After finding success with cult horror films such as Scanners and Videodrome, Cronenberg was primed to make his mark with a big-budget production. He delivered with a reinterpretation of George Langelaan’s 1957 short story about a scientist whose experiments with teleportation go horribly wrong when a housefly is sent through space with him. Although the premise provided Cronenberg with an endless platter to set his trademark gore upon, the film’s cornerstone is the deterioration of the relationship between Jeff Goldblum’s Seth Brundle and Geena Davis’ Veronica Quaife. Goldblum in particular gives a gut-wrenching performance as a lost soul whose physical destruction is eclipsed only by his mental collapse. Be warned: this film is not for the weak of heart, and requires a strong stomach to sit through. Be afraid. Be very afraid.

12) Gremlins (1984) – Gremlins is the Johnny Rotten of movies. It did everything wrong and without apology. First, all the wrong names were attached to the film, namely Steven Spielberg as executive producer and veteran character actors Hoyt Axton and Polly Holliday, who were better known for playing lighthearted television roles. Second, the film had a vivid Christmas setting despite a summer release. But the biggest curveball was the extensive promotion that revolved around Gizmo, the cute little mogwai the presented the movie as a story of one mild-mannered young man’s fluffy little pet. From there the movie spit right in the audience’s face. Many parents who brought their kids to see Gremlins did, in fact, leave halfway through the film, unprepared for its graphic violence, dark humor, and unnerving tone. This, however, only mirrors the eponymous characters’ qualities. The gremlins are punks; they’d want to see mothers whisking their children away in disgust. Gremlins was widely criticized for being too explicit for a PG rating. Hence it became, along with Indiana Jones and the Temple of Doom, one of the catalysts in the development of the PG-13 rating.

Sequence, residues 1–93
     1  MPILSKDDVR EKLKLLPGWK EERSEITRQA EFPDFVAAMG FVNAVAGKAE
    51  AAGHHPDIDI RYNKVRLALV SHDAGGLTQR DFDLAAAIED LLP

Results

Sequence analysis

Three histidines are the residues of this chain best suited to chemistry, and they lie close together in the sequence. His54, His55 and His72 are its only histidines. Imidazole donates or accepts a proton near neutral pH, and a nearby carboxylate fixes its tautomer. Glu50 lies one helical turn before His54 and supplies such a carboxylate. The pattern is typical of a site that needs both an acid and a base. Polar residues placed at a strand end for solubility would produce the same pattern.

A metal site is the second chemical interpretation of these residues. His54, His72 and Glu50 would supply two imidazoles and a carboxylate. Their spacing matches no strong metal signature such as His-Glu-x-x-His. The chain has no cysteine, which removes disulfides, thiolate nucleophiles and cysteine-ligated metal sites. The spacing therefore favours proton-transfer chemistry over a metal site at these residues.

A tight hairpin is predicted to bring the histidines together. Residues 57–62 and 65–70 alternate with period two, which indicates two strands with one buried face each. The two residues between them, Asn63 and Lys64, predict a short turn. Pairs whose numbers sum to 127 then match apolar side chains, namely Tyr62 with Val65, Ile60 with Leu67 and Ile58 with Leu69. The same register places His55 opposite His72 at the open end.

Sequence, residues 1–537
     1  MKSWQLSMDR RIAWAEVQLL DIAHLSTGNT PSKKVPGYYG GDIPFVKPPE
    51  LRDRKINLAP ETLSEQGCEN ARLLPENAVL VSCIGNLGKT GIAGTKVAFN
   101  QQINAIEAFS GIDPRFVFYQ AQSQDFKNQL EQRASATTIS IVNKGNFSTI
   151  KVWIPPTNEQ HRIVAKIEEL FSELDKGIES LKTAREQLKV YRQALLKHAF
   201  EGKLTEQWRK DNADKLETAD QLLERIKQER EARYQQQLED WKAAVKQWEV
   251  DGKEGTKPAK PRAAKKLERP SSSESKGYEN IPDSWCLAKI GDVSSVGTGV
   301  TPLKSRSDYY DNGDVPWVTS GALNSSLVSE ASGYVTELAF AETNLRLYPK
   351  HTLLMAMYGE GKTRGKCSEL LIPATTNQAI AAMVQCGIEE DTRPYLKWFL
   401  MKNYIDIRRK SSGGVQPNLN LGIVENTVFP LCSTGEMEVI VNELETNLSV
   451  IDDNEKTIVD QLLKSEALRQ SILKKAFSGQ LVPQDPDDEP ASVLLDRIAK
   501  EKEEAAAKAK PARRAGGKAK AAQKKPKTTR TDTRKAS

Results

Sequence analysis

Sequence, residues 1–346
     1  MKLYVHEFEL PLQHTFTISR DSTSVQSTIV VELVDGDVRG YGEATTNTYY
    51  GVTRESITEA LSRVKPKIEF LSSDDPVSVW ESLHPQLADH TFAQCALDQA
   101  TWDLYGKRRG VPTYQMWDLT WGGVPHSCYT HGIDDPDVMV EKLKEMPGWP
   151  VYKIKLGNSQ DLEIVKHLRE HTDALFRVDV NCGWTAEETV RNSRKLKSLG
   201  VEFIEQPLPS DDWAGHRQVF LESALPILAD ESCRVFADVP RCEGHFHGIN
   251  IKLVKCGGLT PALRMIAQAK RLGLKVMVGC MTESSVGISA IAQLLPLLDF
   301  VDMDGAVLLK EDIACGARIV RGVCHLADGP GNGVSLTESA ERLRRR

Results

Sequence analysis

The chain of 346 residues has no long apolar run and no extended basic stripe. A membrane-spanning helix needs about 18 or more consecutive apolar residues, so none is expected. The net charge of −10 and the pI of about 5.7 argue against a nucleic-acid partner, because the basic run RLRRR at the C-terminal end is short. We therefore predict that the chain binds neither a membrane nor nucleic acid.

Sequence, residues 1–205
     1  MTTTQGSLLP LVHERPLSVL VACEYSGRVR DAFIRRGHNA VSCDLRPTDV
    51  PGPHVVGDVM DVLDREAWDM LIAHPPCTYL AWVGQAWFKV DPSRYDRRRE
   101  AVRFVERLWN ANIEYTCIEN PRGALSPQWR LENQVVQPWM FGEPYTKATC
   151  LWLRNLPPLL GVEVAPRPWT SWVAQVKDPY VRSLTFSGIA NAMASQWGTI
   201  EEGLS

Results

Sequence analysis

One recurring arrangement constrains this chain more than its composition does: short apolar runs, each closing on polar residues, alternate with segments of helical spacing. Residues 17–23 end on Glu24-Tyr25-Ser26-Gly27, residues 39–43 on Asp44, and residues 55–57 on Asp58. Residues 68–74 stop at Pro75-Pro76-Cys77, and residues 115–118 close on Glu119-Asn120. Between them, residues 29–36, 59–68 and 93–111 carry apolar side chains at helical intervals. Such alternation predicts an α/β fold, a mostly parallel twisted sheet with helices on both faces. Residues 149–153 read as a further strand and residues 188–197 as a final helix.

11) Raiders of the Lost Ark (1981) – Most fans all know the story by now: Tom Selleck was originally offered the role of Indiana Jones, but had to decline because of his commitment to Magnum P.I. The truth is Harrison Ford was Steven Spielberg’s first choice to play the adventuring archeologist. Screenwriter George Lucas was concerned Ford would be seen as his go-to actor, but that ultimately would not matter. Raiders of the Lost Ark proved to be bigger than the sum of all the principals who came to create it. It was far and away the most successful film of 1981, and is still one of the top 20 highest-grossing movies of all time when adjusted for inflation.